Paul Smith // Choosing to highlight the sleek modernity of Central St Martins’ Granary building in London, British designer Paul’s Spring 13 show, co-produced by Miller Kavari, offered only minimalist embellishments like simple black benches, a slick white runway and the chrome grid of the lighting structures. Allowing natural sunlight to pour in through the building’s large windows, the show’s setting highlighted Smith’s equally minimalist two-tone looks.

Maison Martin Margiela // Devised in association with Penique Productions, Maison Martin Margiela’s Spring 13 show was set inside the opulent walls of Paris’ Hotel Salomon de Rothschild. True to their typically avant-garde nature, the design team at Margiela chose to cover the walls floor-to-ceiling in slick white plastic, creating an almost unrecognizable space that showcased the Maison’s minimalist, Dada-inspired looks, accompanied by a custom soundtrack from French producer Michel Gaubert. View the making of the show décor?

Chloé // Conceived by London-based production agency, OBO, Clare Waight Keller’s Spring 13 presentation for Chloé was an on-point representation of her collection’s classic, feminine aesthetic. The set itself worked in the house’s signature colors as butter yellow walls surrounded the ivory benches and “beige-rosé” runway, all swathed in natural sunlight that poured in through the huge windows that made up the roof of the Jardins des Tuileries’ Espace Ephemere.

Neil Barrett // Presenting, as usual, effortlessly tailored looks, Neil Barrett’s Spring 13 collection also included oversize, flowing cuts and clean draping – an aesthetic well matched in his runway show, which took place at the Salle Erard in Paris. His almost-entirely black and white collection, punctuated by a solitary shade of powder blue, resonated within the monochromatic set, which featured a large-scale installation of images from Barrett’s Spring 13 lookbook.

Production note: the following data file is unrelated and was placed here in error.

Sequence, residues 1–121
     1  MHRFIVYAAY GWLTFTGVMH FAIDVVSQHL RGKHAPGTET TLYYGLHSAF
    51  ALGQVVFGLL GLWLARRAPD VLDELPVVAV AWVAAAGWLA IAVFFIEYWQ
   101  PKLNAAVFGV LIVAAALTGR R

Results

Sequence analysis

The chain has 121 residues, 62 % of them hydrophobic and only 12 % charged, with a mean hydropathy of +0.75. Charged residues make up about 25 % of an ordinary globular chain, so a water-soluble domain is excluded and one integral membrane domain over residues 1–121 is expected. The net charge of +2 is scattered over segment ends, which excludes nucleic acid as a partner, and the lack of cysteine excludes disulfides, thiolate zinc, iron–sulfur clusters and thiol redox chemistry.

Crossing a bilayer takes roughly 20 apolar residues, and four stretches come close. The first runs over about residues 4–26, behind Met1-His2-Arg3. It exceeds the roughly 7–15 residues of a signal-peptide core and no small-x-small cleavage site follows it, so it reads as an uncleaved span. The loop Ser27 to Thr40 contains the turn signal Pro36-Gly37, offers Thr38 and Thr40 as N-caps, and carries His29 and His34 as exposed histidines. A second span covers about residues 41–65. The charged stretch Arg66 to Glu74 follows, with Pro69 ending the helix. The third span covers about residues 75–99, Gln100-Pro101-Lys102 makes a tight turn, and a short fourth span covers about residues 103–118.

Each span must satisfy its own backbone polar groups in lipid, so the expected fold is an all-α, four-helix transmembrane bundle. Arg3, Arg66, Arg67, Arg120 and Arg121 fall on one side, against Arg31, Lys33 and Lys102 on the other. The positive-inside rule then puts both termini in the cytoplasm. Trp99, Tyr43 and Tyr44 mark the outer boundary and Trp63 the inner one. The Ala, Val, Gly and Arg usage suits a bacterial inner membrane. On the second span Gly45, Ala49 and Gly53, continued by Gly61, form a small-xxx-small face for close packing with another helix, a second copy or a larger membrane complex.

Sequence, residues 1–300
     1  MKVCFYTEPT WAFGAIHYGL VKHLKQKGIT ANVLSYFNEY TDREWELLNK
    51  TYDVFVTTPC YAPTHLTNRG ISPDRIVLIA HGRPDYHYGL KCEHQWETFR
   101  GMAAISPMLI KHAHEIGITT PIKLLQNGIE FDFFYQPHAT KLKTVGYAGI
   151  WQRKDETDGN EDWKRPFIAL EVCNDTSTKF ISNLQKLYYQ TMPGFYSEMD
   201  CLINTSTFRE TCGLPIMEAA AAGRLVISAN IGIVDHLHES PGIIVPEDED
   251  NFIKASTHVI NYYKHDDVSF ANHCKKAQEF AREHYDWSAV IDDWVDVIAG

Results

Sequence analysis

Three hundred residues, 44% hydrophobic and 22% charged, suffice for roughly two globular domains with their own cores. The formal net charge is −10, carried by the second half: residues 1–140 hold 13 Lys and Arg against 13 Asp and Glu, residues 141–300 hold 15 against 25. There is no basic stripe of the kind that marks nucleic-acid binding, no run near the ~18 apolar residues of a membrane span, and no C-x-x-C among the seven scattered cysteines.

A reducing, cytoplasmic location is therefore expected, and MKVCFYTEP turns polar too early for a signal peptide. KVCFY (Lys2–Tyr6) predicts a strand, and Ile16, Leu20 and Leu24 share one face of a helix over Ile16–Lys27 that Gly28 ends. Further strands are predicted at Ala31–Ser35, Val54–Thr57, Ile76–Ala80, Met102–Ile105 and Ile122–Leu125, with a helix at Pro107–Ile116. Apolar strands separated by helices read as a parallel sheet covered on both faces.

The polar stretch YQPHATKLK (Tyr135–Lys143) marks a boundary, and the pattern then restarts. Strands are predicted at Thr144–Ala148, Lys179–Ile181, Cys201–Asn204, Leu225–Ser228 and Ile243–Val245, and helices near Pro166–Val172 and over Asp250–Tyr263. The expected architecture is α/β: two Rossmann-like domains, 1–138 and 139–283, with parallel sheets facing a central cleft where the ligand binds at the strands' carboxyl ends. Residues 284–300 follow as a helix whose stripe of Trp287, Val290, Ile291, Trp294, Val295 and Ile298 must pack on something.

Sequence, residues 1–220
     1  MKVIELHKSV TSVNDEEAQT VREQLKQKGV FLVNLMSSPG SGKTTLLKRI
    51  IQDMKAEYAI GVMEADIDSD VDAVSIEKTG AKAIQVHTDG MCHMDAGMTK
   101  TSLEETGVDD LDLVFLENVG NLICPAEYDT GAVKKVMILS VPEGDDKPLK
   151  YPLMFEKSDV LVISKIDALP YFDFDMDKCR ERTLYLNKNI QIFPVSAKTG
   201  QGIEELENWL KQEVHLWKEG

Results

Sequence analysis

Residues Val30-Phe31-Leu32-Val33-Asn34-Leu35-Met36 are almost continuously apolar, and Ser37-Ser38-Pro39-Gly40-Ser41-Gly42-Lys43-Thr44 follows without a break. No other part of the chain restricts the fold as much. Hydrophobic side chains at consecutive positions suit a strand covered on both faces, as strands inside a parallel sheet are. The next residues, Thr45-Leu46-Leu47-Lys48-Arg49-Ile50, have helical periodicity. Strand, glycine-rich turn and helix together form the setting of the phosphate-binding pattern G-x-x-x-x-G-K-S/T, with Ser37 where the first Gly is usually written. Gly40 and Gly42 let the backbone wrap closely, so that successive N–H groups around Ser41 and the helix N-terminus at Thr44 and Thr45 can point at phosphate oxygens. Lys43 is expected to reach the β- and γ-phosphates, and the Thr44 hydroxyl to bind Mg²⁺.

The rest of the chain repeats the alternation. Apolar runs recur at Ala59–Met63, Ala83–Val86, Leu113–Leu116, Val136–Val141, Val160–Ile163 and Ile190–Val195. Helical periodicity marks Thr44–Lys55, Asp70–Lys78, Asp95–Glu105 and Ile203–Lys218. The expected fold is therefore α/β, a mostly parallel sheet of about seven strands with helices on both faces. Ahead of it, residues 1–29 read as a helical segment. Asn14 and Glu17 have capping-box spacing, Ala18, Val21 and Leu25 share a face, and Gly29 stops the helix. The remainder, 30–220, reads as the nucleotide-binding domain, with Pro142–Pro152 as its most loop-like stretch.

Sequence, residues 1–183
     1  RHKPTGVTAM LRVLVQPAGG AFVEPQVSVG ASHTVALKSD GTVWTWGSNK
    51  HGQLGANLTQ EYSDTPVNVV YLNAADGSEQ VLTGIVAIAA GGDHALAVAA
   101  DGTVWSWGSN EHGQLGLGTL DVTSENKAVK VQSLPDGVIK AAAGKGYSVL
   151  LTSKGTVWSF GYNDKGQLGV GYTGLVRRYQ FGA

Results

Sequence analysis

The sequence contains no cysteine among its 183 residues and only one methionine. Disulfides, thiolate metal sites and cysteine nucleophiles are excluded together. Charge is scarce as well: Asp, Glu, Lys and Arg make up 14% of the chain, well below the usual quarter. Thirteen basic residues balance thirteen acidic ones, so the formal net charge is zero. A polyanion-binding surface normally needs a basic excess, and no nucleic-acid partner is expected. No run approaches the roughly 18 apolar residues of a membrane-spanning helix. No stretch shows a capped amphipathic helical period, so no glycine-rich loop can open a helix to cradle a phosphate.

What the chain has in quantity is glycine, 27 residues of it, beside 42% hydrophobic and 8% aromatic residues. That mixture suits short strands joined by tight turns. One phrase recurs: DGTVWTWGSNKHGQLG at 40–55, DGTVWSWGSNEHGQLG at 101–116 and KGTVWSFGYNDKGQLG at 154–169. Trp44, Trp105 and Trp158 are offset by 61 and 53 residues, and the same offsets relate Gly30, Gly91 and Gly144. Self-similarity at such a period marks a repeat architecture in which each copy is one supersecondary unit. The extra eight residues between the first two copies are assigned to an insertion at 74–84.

Givenchy // Riccardo Tisci’s Spring 13 presentation took place at the Hall Guy Moquet in Paris, a sizeable space that was re-worked to match Tisci’s rather delicate collection. Straying from his famously dark aesthetic, Tisci’s light palette, fluid construction and sheer fabrications were somehow entirely at home within the graphic shapes and clean lines of the hall – minimalist benches surrounded a huge red structure that housed a mahogany organ. The organ’s inventor, Henri Bouffard likewise provided the show’s score.

Jil Sander // In line with the label’s iconic minimalist aesthetic, Jil Sander’s Spring 13 runway show was held at the Via Beltrami in Milan, where set and lighting designer Thierry Dreyfus raised the floors and lowered the ceiling to create a compact, modern space. Simple benches and a wide runway illuminated by Dreyfus’ low-hanging light fixtures provided the finishing touches, accentuating Sander’s bright palette and modern collection.